You finally decided to approach a web-hosting company for hosting your website. You got your domain name registered or perhaps you did not. Web-hosting isn’t like buying groceries – there are far too many things you have to consider even for something that looks as deceptively simple as putting up a website. It depends on how cautious you are and how you manage to bag the best web-hosting provider available to serve you.
It would help you a great deal if you asked your potential web-hosting provider a few pointed questions:
Do they have sound customer support systems in place?
Now, you’ll find a lot of web-hosting serve providers online. Some of them serve their customers promptly, while some don’t. It’s very important as a web master, or a website owner, for you to know how your potential service provider rates on this aspect.
You could shoot some pre-sales questions about something you wanted to know or ask them one of these other questions and wait to see the response period. If they don’t respond within 24 hrs (the Industry Standard) you are talking to trouble-hosting providers. Good customer service and the extent to which the provider would go to educate you or familiarize you with their available services will mean a lot to you in the future.
Server Systems, Technology, Data Centers, Back-up Schedules: Does your provider explain his standing on these?
Servers are a must for a web-hosting provider. It forms his basic infrastructure. Back-systems are scheduled to run automatically and these servers are backed-up as frequently as daily with some hosting providers. What does your potential provider have to say about these things? Do they mention the kind of technology they use? Do they have reliable back-up systems at traceable data-centers? How are they equipped technically? Do they have technical people on rolls?
Company Data, Financial Standing, and Profitability: How sound is your provider financially?
You must be wondering why you need to bother about your web-hosting provider’s financial standing – well, it so happens that some companies might be new and there are chances that you could be talking to a fly-by-night operator. Appropriate financial health also signifies a stronger management which might be placed to better serve it’s present and potential customers. However, some of the best of the web-site providers also make losses and it’s not to be mistaken that they do not have good customer support or services offered.
What might be scope of service provided?
What exactly is your service provider going to offer to you? Depending on your requirements he must be able to provide everything (almost!) under one roof. You could have wanted just a single page hosted or perhaps you wanted a 300 page super content website – Do they have the range to suit your requirements? Under your allocated budget?
Single page websites are usually simple HTML pages and can be hosted easily. Your requirements could also be more complex, which calls for the inclusion of different application platforms like PHP, asp.net, and Java extending up to scripts, forum, shopping carts, intuitive control panels, plesk, and also enabling e-commerce. So can your service provider be able to provide you with all of this?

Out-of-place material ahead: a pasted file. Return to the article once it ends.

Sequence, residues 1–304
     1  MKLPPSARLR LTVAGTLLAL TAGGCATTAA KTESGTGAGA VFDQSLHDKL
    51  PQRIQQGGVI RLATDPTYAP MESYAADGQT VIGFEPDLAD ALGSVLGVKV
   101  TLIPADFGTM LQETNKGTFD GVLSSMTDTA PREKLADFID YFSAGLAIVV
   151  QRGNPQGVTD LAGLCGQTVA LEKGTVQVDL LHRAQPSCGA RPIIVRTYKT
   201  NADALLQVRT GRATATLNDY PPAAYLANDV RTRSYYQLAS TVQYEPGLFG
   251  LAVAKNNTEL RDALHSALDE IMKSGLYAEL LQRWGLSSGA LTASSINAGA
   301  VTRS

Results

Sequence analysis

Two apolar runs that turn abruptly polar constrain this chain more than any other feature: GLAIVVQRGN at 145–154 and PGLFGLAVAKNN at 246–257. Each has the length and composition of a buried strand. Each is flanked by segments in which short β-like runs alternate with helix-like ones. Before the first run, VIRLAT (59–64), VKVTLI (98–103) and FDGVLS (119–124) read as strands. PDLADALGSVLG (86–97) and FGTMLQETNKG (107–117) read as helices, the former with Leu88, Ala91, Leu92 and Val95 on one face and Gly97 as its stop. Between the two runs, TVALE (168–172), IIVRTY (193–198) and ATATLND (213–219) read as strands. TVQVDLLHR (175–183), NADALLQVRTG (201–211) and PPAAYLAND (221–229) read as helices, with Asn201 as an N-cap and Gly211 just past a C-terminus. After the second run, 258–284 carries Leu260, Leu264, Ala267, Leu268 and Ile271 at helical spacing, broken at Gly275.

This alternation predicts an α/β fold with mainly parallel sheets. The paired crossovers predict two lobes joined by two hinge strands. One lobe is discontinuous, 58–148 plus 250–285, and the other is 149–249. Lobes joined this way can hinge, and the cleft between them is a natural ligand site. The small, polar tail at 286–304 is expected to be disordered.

If you had plans of making a truly interactive and content-rich site, you could have thought of including content in the form of video, streaming media, blogs, chatting, live customer support, and much more. You will have to ensure that your service provider is able to provide you with all of this and much more.
5. What’s your provider’s take on hosting reliability and up-time guarantee?
“Up-time” in hosting means the time (expressed in percentages) the host is available to access through the Internet. You would have seen a lot of hosting providers mention a 99.9 % up-time guarantee. But then, any hosting application environment calls for maintenance too. You should ask how the web-hosting provider manages to shuffle this time efficiently. How do they manage their maintenance?
According to an extract from wikipedia
“A popular claim from the popular hosting providers is ‘99% or 99.9% server up-time,” but this often refers only to a server being powered on and doesn’t account for network downtime. Real downtime can potentially be larger than the percentage guaranteed by the provider. Many providers tie uptime, and accessibility, into their own Service Level Agreement, or SLA. SLAs may or may not include refunds or reduced costs if performance goals are not met. One must be extremely careful when selecting a new company and they should read all terms and conditions carefully. A potential customer should also check out the web-hosting company’s Acceptable Use Policy in order to avoid potential cancellation of services due to activities that are considered a violation.
Hence, it is important to read all their terms and conditions carefully before signing up any new company as mentioned above and never forget the Acceptable Use Policy before signing on the dotted line.